I read this one on the strength of a ton of positive reviews, but was angry and disappointed when I discovered a horribly written, sloppily plotted mess populated with unconvincing, cardboard characters. As I noted in my review, the characters resembled a group of Easter Island statues, because they were completely unmoved by what happened around them and this robbed the book of any tension that should’ve arising naturally from the isolated situation. You should avoid this one at all costs.

2: The Santa Klaus Murder (1936) by Mavis Doriel Hay

A long, repetitive Christmas-themed mystery novel lacking in originality. It was a chore to read and a drain on my festive spirit, which prevented me from reading and reviewing some additional, holiday-themed detective stories I had lined up for this month. Not recommended.

3: And So to Murder (1940) by Carter Dickson

I know, I know! I actually placed a John Dickson Carr novel in this portion of the list, but it's a genuinely bad and poorly constructed mystery. Hopefully, its inclusion here proves I can be critical of his work and not just gush over, and blindly praise, everything he ever wrote.

Well, that's a wrap for this year! I'll probably have more review for this year, but that would require me to finish the book and write a review before the end of the year, which is not a guarantee in these final days of 2015. So this could very well be my final post of the year. If that's the case: I want to thank everyone who has voluntarily put up with my vague ramblings about detective stories over the past twelve months and wish you all the best in 2016!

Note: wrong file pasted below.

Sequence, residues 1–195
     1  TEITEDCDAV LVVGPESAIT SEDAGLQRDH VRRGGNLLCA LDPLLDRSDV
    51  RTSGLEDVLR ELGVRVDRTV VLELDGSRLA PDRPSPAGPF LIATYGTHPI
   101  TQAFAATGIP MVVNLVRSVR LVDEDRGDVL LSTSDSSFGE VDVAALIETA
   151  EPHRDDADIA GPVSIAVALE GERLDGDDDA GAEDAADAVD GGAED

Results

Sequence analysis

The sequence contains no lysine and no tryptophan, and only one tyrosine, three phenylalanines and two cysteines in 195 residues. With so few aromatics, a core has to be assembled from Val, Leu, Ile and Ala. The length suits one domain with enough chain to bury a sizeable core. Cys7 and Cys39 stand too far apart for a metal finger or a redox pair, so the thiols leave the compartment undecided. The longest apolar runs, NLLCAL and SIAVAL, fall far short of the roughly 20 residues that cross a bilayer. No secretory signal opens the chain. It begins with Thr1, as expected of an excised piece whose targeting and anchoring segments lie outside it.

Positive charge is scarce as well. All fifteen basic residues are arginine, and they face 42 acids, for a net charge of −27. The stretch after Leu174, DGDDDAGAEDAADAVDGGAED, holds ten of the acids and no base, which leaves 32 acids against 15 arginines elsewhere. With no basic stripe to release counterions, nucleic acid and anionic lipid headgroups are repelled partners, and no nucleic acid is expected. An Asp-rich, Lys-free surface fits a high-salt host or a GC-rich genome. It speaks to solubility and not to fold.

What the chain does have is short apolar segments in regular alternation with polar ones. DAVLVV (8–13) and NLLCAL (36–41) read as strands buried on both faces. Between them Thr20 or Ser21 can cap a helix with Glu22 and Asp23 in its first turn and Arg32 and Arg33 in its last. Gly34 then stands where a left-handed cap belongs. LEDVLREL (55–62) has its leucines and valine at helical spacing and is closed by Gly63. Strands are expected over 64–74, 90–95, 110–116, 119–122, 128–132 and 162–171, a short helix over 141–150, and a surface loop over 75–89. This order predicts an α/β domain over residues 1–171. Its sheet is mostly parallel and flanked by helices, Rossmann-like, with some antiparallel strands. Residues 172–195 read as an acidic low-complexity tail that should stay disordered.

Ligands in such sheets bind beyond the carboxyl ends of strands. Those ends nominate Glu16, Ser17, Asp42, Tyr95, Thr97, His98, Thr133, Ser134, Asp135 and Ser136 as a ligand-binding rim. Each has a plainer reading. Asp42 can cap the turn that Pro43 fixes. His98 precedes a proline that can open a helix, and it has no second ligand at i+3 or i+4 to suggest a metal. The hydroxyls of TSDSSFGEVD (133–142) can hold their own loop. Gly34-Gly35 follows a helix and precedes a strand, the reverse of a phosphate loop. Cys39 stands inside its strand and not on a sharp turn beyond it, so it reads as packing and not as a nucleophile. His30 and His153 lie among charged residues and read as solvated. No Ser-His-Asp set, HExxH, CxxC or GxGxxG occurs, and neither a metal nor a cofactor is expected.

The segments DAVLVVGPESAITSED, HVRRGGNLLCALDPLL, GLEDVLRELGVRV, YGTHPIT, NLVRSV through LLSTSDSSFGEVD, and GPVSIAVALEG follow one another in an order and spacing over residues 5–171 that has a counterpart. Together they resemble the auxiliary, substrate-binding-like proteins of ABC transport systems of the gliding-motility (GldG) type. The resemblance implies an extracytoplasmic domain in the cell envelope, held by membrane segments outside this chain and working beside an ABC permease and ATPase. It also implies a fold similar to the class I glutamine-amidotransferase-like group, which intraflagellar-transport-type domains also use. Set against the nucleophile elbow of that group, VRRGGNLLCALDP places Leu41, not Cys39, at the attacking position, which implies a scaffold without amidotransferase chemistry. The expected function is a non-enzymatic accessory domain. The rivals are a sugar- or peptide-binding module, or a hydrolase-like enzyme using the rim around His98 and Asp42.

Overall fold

On a Dark, Grimy Night

"When you follow two separate chains of thoughts, Watson, you will find some point of intersection which should approximate to the truth."
- Sherlock Holmes (Sir Arthur C. Doyle's "The Disappearance of Lady Frances Carfax," from His Last Bow: Some Later Reminiscences of Sherlock Holmes, 1917) 

Lenore Glen Offord wrote only eight mystery novels during her lifetime, but amassed a bulky body of work as a critic and served as a reviewer on the staff of the San Francisco Chronicler for over thirty years – a gig which landed her an Edgar Award for Outstanding Criticism in 1952. Nonetheless, it would be a capital mistake to overlook Offord as a mystery novelist.

The Glass Mask (1944) successfully employed a "perfect murder" ploy and refused to fall back on a cop-out for a happy ending, which firmly anchored the book on my list of all-time favorite detective stories. It's also one of the better village mysteries I have read. My True Love Lies (1947) revealed it self as a wonderful, artistically themed standalone novel with an equally wondrous, double-twisted ending and provided a clever answer as to why a murderer would hide a body inside a clay model.